A guide to showing up for your loved ones.
By Ashima Sethi
Understanding what ‘LGBTQI+’ represents is one small step in a complex journey towards acceptance for many members of our Thai-Indian society. Once a taboo, the reality is that not everyone in our society is cisgender or straight and that’s okay. From coming out, to the societal pressures that surround being different, there is a lot that our queer friends and family go through that we cannot begin to understand. So all I’m asking is that the rest of us work harder to become more mindful and supportive. Because only by being better allies can we create safe spaces for all forms of love to grow, and isn’t that what the ‘month of love’ is really about?!
- OPEN YOUR MIND AND LISTEN: when your LGBTQI+ loved ones are talking about their experiences, listen without projecting your opinions. Remember that listening and waiting for your turn to talk are not the same thing.
- UNDERSTAND THE SPECTRUM: people’s identities can be fluid, and there are many ways an individual can identify and express their sexuality, sex, or gender. Get familiar with them.
- USE CORRECT PRONOUNS: don’t assume, as some people prefer gender inclusive pronouns such as them/they. If you’re not sure what pronouns to use, introduce yourself and your pronouns and then ask for theirs, e.g. “Hi, my name is Ashima and my pronouns are she/her.”
- BE INCLUSIVE: for example, using “folks” rather than girls/guys, or using “parents” and “partner” instead of mom/dad and girlfriend/boyfriend. Make the effort to include your queer friends in your plans, support their interests, and champion queer-friendly initiatives at the workplace. Remember, there is always more you can do.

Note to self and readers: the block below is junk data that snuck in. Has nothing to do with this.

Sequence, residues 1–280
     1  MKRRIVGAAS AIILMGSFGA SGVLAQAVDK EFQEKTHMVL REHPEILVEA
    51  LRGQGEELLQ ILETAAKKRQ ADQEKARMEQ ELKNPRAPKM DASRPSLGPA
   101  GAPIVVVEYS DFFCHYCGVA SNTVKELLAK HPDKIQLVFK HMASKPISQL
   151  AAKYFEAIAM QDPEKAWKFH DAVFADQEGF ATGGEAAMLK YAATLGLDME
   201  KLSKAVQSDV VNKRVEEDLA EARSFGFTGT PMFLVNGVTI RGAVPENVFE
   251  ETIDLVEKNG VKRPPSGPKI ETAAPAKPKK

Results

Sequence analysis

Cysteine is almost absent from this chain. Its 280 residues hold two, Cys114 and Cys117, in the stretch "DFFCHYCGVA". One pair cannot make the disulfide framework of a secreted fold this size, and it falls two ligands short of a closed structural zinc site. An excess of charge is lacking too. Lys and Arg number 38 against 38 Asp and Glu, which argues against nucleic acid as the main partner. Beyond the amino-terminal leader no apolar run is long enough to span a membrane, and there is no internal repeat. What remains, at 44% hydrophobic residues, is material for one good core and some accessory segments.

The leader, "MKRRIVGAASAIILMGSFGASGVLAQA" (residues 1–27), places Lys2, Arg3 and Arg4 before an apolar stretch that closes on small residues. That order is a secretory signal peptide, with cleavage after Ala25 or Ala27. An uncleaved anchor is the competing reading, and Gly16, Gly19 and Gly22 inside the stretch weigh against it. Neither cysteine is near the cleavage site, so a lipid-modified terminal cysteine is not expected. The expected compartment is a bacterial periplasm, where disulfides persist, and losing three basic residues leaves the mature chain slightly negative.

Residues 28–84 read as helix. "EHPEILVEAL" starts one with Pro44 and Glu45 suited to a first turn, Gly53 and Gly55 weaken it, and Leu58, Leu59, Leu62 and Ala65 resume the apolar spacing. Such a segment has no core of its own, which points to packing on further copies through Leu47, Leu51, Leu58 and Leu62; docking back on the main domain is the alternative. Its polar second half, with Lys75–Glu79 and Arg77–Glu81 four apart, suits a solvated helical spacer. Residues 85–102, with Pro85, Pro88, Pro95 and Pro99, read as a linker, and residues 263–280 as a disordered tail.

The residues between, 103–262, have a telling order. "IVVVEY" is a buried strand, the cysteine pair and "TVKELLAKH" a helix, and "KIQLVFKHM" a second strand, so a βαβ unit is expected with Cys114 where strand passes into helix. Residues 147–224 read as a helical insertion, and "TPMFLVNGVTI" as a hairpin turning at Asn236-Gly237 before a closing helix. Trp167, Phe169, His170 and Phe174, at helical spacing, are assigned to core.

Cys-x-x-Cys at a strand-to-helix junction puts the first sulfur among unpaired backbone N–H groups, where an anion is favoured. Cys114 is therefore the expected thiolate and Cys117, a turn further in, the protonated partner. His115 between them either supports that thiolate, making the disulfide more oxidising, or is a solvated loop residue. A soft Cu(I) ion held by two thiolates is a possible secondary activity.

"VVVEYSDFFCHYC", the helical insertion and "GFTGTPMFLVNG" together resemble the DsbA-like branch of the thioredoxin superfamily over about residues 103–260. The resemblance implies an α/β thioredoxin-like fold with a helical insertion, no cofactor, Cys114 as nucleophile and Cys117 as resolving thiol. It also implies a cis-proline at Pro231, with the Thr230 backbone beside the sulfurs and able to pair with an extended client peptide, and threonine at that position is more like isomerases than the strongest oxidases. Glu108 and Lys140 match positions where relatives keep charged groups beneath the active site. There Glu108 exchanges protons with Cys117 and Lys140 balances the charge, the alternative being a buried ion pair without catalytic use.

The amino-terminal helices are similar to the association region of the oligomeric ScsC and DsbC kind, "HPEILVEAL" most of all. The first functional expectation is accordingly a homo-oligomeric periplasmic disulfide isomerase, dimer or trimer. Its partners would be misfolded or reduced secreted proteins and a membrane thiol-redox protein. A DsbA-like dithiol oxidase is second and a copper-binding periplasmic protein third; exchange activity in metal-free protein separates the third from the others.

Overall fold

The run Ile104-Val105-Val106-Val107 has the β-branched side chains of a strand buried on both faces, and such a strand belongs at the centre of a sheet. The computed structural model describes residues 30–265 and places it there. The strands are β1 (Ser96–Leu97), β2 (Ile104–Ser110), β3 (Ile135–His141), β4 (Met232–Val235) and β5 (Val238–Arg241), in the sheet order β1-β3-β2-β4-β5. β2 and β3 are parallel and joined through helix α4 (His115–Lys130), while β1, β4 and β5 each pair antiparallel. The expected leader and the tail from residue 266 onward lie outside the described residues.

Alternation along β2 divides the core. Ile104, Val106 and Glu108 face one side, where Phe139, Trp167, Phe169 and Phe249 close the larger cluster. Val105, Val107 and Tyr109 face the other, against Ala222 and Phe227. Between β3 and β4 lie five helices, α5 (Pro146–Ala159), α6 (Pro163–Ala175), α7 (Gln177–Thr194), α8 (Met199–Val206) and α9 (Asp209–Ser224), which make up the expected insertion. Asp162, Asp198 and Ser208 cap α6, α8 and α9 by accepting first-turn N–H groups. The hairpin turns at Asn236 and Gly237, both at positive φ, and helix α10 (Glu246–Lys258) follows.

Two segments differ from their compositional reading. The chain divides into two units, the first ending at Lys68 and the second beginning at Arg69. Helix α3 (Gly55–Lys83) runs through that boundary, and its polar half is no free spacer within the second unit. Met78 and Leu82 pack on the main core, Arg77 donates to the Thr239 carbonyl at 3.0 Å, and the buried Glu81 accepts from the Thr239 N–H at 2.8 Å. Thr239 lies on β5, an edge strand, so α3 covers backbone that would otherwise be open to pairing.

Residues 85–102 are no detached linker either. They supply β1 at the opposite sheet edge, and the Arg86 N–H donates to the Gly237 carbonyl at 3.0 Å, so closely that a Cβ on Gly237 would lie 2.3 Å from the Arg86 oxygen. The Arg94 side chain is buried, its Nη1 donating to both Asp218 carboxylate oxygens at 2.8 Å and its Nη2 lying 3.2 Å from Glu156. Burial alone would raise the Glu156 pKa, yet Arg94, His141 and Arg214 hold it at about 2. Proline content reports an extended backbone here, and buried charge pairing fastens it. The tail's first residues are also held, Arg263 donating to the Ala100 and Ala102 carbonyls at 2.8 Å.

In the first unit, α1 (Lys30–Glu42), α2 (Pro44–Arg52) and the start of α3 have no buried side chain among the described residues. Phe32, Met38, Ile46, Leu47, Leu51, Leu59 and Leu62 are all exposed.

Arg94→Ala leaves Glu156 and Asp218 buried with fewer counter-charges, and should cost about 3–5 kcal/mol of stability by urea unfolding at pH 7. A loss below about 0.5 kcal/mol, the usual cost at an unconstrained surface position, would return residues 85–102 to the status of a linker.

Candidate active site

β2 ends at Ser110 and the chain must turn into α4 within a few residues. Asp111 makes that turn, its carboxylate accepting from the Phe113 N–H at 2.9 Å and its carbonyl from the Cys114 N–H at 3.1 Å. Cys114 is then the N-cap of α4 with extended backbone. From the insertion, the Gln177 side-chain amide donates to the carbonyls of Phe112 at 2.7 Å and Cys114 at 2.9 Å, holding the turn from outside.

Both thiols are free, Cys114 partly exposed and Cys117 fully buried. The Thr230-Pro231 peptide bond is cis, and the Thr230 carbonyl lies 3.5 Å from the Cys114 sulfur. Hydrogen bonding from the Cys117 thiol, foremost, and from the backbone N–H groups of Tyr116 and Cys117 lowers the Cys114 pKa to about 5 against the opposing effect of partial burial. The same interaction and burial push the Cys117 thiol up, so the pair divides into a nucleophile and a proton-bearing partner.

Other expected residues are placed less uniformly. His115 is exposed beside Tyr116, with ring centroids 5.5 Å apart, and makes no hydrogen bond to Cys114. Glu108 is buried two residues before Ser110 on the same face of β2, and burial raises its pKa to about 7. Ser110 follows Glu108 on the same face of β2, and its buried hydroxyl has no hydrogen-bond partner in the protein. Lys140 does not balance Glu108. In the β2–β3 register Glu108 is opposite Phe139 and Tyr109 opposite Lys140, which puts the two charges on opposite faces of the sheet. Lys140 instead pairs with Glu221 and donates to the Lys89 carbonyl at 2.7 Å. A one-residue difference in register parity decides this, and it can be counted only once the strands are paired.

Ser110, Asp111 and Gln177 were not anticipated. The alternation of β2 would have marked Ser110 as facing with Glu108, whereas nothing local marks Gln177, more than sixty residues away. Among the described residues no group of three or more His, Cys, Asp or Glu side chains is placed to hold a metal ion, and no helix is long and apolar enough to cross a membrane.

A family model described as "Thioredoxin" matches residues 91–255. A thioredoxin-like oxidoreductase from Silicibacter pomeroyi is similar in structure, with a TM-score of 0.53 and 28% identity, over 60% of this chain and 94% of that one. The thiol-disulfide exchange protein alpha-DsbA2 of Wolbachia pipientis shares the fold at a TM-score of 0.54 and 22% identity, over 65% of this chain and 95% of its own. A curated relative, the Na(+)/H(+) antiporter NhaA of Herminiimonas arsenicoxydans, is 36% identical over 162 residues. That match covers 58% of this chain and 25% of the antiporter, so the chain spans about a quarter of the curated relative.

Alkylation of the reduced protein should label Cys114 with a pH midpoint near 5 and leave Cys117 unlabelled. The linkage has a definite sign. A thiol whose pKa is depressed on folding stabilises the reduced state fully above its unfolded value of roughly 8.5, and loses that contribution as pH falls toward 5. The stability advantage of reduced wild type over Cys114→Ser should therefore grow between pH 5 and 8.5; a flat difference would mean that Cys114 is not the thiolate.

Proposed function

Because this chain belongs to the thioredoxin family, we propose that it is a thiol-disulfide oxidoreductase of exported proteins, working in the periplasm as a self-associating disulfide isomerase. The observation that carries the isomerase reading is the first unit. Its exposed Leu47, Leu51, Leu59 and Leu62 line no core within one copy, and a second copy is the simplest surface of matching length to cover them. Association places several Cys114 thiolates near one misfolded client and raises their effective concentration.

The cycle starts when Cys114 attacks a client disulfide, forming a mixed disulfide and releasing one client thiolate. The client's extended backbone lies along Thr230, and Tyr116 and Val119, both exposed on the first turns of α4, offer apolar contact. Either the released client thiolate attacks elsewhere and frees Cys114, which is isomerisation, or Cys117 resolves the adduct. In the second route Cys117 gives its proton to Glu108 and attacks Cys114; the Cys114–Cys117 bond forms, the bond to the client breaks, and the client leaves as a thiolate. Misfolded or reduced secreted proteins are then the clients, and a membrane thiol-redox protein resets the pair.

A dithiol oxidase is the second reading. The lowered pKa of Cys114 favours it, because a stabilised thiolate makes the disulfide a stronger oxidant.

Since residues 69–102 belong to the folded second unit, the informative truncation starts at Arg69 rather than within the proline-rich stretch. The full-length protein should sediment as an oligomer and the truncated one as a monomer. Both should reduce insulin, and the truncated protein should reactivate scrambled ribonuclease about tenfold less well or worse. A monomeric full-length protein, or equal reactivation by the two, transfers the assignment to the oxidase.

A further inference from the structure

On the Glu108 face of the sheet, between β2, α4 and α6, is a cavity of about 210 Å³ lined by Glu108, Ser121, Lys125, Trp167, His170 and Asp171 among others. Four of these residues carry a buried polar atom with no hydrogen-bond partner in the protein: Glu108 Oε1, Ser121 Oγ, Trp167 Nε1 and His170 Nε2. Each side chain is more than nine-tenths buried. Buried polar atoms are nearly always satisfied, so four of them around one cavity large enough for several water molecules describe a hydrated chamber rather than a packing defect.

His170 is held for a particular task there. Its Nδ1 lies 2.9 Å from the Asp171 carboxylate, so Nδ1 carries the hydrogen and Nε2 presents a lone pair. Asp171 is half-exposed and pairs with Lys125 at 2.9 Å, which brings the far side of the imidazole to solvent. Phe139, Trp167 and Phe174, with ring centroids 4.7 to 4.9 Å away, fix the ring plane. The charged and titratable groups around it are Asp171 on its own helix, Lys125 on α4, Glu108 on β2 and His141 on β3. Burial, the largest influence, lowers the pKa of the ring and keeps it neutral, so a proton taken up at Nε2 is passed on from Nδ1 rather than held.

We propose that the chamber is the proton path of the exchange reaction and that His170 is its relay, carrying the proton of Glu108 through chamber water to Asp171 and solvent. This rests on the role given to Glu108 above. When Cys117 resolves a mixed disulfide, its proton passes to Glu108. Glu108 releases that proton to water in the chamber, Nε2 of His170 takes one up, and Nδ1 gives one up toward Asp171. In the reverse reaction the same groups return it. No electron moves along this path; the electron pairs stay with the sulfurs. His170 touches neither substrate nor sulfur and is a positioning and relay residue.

- IF SOMEONE COMES OUT TO YOU: be affirming, respect their decision, and don’t pass any judgement. Don’t share their story with anyone else. Coming out is extremely personal, and everyone should do it on their own terms.
- CHALLENGE REGRESSIVE ATTITUDES: stand up against people who speak in a harmful way, use abusive language against queer people, or make lewd jokes. Ignite a conversation about why being discriminatory is unacceptable.
- CONFRONT YOUR PREJUDICES: as an ally you’ll find yourself challenging unconscious bias, stereotypes, and assumptions you never realised you had, whether it’s the jokes you make or the harmful words you use. Being a good ally means being open to being wrong, not taking it personally, and being open and willing to work on yourself.
- EDUCATE YOURSELF: do your research and stay informed. There are a lot of resources available, especially online. You can also ask your LGBTQI+ loved ones if they’re willing to answer them.
- BE ACTIVE: actions often speak louder than words. Support local LGBQTI+ groups, and contribute to fundraisers and events by attending, volunteering, or donating. Use your social platforms to draw attention to LGBQTI+ initiatives, to celebrate queer liberation movements and history, and to demonstrate to your immediate community that they have your full support and respect.
One such group is SEEN (Student Empowerment and Equality Network), a student-led network of schools creating gender and sexuality alliances, and safe spaces in learning environments through the change of policies and curriculum. In a system where LGBTQI+ students are often bullied, mistreated, discriminated against and left behind, SEEN aims to empower them and educate allies to do the same.
I spoke to Shane Bhatla, Founding Member of SEEN about his thoughts on allyship:
“Coming out is never easy. Often, the people we come out to will blame it on external influences such as being abroad or being around queer people. Sometimes our families don’t want to accept us for who we are, or accept that we can be LGBTQI+. But if someone in your family is queer, remember that love and acceptance could save their life. It can be as easy as saying their chosen name and using their pronouns, or as prominent as being a vocal ally in public.
There is nothing wrong with us. We weren’t converted into being queer. Western countries didn’t make us this way. You didn’t do parenting wrong. I was born this way. I’m still your child, your friend, your sibling. I’m still the same person I always was. I just have a little more rainbow in my life. For other queer brown folks, you’re not alone.”